No Aliens Trespassing
(Russian Interactive Landscape)
This project was first time represented at XL-gallery, Moscow, 10.02-27.02.00
It's A Long Wау То The Top (If You Wаnnа Rock'N'Roll)
It's time for the game. Tonight Sergei Shutov presents an artwork, which actually is a good old table hockey. On the way from the toy store to the gallery the board game has lost all hockey players, puck and goal, replaced by blue fir-trees and cartoon-like extraterrestrials. At the same time the game acquired the new rules and the new sense; both are stated in the exhibition title «No alien trespassing».
Really, the plastic figures of the aliens, unlike the fir trees, are impaired of moving across the game field; nor do they play. These white and lovely, extraterrestrials hardly defend anything, but themselves from attacks of the interactive forest.
In a broader sense the new work by Shutov is a condolence to the current situation in local contemporary art, as the artist sees it- For many years Shutov has pictured astronauts, spaceships and UFO pilots, either as themes or as decorative elements. He uas creating remixes of classical Soviet movies on his Пас long before every next artist with a Hie camera went into video art. He uas ahead of many younger colleagues to work in the then emerging techno clubs. He even tried to revise the cornerstone (or rather a public cliche) of the old Russian art - forest landscape - by means of painting. So this way or that he uas always considered alien by his colleagues artists and the art critics; being sometimes not enough articulate, often inexplicable and almost never appreciated. Unfortunately Shutov has yet remained an alien. Or, to put it precisely, there's still (yet, hitherto) no alien trespassing around here (excluding the FENSO group members, whom I'd rather label as the humans who were once abducted).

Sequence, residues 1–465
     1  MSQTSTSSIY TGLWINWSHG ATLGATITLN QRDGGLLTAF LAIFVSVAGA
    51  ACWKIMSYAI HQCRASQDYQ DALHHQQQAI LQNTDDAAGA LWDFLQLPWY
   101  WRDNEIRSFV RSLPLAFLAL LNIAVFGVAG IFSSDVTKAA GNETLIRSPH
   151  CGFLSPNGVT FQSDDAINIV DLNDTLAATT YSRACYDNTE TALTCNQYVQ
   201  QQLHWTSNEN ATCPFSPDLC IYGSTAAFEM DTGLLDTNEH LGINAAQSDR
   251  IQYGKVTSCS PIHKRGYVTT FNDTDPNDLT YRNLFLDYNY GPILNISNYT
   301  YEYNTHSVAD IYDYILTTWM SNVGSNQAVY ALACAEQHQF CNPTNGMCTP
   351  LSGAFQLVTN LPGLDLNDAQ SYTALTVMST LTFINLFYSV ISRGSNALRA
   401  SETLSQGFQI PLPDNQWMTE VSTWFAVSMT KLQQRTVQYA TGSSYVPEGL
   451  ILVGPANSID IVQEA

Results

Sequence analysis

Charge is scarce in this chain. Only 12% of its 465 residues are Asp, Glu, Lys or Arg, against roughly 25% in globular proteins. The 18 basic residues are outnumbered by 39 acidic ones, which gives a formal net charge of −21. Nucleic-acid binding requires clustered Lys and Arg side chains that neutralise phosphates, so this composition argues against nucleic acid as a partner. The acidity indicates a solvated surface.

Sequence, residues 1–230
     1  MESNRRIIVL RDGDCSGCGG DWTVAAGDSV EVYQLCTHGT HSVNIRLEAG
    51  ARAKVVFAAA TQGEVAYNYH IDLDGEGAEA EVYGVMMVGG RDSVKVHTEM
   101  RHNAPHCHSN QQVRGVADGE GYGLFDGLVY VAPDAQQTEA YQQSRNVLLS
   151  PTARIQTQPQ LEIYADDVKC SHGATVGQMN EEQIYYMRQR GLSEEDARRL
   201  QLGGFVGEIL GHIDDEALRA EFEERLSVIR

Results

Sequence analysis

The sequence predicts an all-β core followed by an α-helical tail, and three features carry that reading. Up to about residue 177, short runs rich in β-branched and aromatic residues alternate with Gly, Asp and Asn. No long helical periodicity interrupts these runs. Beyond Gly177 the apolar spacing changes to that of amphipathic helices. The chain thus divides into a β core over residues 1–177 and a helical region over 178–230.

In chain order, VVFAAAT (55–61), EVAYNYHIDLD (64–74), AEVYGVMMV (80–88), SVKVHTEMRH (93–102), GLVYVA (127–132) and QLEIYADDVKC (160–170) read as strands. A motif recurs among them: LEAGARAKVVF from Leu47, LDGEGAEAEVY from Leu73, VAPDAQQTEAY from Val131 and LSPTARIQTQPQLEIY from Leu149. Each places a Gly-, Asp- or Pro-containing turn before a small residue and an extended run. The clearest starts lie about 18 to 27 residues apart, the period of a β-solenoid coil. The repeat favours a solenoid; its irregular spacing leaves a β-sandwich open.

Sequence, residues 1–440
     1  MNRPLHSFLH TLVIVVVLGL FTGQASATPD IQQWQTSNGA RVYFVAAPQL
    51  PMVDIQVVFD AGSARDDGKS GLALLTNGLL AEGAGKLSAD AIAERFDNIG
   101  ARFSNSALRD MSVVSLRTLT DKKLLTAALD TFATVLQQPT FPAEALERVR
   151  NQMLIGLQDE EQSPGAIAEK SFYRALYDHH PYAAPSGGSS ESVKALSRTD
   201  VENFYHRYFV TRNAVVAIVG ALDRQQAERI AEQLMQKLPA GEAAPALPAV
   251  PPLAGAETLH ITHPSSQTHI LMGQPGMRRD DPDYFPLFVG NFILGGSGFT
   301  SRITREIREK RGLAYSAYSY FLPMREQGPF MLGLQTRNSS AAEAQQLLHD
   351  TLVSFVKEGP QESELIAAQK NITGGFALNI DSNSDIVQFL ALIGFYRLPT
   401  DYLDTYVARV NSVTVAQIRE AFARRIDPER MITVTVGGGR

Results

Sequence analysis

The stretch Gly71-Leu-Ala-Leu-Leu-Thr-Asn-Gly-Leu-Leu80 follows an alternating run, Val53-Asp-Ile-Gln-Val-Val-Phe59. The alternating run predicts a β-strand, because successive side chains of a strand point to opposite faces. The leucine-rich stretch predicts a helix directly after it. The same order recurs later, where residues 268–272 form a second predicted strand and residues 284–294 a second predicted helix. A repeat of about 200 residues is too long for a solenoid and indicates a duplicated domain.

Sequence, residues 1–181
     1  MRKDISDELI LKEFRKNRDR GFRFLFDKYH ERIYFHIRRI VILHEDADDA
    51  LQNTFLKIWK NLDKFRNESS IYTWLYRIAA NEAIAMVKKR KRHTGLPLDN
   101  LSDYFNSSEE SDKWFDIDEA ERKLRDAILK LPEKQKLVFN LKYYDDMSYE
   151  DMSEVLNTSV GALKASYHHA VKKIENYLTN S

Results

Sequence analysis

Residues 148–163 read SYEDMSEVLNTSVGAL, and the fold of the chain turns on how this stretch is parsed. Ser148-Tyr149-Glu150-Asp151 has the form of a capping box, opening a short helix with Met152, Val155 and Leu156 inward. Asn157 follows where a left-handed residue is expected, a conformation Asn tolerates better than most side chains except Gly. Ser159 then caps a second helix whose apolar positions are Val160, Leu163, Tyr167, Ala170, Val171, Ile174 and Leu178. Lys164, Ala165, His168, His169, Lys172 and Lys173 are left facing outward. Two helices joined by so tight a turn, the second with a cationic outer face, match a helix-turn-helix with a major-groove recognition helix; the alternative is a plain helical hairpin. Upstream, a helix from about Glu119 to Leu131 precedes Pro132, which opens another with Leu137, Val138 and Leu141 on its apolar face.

I hope that Shutov's long time pursuit of infecting the local art context with the alien virus, would not be a waste effort. Thanks God, much of uhat he has been doing, seems absolutely natural for the emerging new generation of artists. Though his new solo show has a somewhat melancholic autobiographical hint: there's no alien trespassing here, too. Insteadi the aliens are pressed by viewers-driven Russian interactive landscape, senseless and merciless.
Exhibition "Behind the Red Horizon" (in the framework of International Art Program "Moscow-Warsaw. Warsaw-Moscow"), National Center for Contemporary Art, Moscow, 25.03-1.05.05
International Biennale for Contemporary Art, National Gallery - Veletrzny Palac, Prague, 14.06-11.09.05
Curators: Alexandra Obukhova&Milena Orlova
The contemporary art situation in Russia , as well as recent social conditions, can remind us of a large, haunted mansion. It is haunted by the ghosts of the recent past. The monumental buildings of the Soviet-era bureaucracy which once rested on the foundation of a solid hierarchy (high floors = high officials, underground = all kinds of heterodoxies) seem to have been left empty for not such a long time. Now, they have been renovated and populated by new generation of apparatchiks. The past has become the future, time has moved on, and our perspectives are not quite clear. Today one needs a special gift in order to see the essence of social phenomena and everyday occurrences, which remain hidden from ordinary people.
This show in Prague presents a good chance to highlight those Russian artists who have this gift of clairvoyance, and the ability to visualize all that is secret, hidden and concealed. Our choice was not based on artistic generations, styles or movements. We have chosen to invite older masters, who began their career in the 1970s, as well as new figures on the Moscow and Saint Petersburg art scenes.
Aidan Salakhova (Russia)
Alexey Kallima ( Russia )
Anatoly Osmolovsky ( Russia )
Andrey Monastyrsky, Vadim Zakharov ( Russia )
David Ter-Oganyan ( Russia )
Igor Makarevich, Elena Elegina (Russia)
Ira Waldron ( Russia )
Irina Korina ( Russia )
Konstantin Batynkov (Russia)
Larissa Zvezdochetova (Russia)
Natalia Pershina-Yakimanskaya (Tsaplia) (Russia)
Nikita Alexeev (Russia)
Sergey Shutov (Russia)
Tatyana Hengsler (Russia)
Vladislav Mamyshev-Monro (Russia)
Vladislav Efimov, Aristarkh Chernyshov (Russia)